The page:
Fingerprint scanners are becoming increasingly common on smartphones – when they first came out, they were available only on high-end handsets like the iPhone 5S and the Samsung Galaxy S5, but now feature on devices that cost as little as $150.
They’re great for adding a layer of security to your phone and make it convenient to log in to accounts and pay for purchases – but are they any good for maintaining your privacy in front of law enforcement? Not so in the US.
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In October 2014, a Virginia court ruled that suspects can be asked to unlock their phones using their fingerprints. It appears that the power wasn’t used by law enforcement until this February, when a judge in Los Angeles issued a warrant requiring a woman accused of identity theft to unlock her iPhone with her fingerprint.
What’s interesting in this case is that, had 29-year-old Paytsar Bkhchadzhyan only used a PIN or password to lock her phone, she wouldn’t have had to unlock it for the police.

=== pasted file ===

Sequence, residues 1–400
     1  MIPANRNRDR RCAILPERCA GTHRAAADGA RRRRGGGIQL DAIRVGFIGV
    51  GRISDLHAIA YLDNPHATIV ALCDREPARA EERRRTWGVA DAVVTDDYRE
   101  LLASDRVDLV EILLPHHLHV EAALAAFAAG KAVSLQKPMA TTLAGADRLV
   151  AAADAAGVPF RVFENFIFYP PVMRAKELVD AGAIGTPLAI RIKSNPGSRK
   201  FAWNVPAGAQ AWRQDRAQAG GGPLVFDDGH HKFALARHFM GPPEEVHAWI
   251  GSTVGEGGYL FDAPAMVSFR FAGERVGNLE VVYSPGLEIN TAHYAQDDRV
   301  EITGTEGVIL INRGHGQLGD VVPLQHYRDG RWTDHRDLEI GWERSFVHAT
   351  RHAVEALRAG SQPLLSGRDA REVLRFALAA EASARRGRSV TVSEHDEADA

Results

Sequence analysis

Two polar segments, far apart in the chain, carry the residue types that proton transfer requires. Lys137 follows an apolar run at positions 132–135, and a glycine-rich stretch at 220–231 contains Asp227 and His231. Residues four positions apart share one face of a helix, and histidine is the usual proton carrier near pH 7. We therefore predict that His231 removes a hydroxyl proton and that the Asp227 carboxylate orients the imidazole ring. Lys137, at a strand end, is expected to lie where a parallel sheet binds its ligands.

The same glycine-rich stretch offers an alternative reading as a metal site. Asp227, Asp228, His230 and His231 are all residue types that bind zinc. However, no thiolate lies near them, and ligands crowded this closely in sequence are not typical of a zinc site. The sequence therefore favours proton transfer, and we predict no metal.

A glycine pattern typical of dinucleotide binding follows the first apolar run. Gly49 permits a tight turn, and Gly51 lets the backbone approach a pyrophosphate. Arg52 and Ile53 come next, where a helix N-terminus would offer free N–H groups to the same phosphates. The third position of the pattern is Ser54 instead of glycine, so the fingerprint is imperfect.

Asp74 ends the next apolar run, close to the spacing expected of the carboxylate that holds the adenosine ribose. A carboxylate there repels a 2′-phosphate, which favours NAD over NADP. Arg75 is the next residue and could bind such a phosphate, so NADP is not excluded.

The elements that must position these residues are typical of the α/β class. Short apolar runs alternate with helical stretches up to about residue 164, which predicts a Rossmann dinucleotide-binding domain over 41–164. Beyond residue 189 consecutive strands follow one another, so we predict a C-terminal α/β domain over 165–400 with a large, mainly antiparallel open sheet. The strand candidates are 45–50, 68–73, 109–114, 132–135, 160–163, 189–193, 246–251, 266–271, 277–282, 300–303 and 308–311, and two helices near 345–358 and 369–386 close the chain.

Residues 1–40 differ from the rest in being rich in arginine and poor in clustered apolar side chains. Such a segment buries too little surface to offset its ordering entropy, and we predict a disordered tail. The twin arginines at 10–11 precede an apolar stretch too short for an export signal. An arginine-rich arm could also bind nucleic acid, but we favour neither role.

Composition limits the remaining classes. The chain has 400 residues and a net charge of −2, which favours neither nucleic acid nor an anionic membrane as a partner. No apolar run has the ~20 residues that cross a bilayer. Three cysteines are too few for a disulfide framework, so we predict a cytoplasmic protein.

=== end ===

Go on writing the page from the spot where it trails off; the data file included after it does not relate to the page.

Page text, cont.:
That’s because the Fifth Amendment, which protects people from incriminating themselves during legal proceedings, prevents government agencies from compelling people to turn over memorized passcodes. However, a biometric identifier, such as a fingerprint, doesn’t reveal anything in your mind and can be collected.
Does that make PINs better for keeping people from snooping on data stored on your phone? Yes.
It’s worth noting that there are several different ways to fool fingerprint scanners, including the use of tape, or even gelatin used to make Gummi Bears. so if someone can track you down, they could make a copy and use it to gain access to data on your phone.
But a PIN? The FBI reportedly spent a million dollars to crack a PIN-locked iPhone discovered in connection with the San Bernardino terror attacks, and it isn’t clear if the same method can be reused to unlock other devices. So unless you’re plotting something that would warrant this sort of investigation, the data on your phone will be safe from prying eyes.